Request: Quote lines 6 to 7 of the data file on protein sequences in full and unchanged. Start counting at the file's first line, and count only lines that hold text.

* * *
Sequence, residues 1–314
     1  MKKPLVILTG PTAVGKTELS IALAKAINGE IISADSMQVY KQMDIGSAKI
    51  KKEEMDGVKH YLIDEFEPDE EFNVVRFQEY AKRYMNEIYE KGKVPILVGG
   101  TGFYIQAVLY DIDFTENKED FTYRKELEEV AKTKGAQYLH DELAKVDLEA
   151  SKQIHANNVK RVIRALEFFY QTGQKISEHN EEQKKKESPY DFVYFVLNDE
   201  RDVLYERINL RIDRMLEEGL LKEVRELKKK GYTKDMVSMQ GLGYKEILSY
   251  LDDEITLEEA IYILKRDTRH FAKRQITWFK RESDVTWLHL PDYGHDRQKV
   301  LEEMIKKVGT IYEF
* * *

   201  RDVLYERINL RIDRMLEEGL LKEVRELKKK GYTKDMVSMQ GLGYKEILSY
   251  LDDEITLEEA IYILKRDTRH FAKRQITWFK RESDVTWLHL PDYGHDRQKV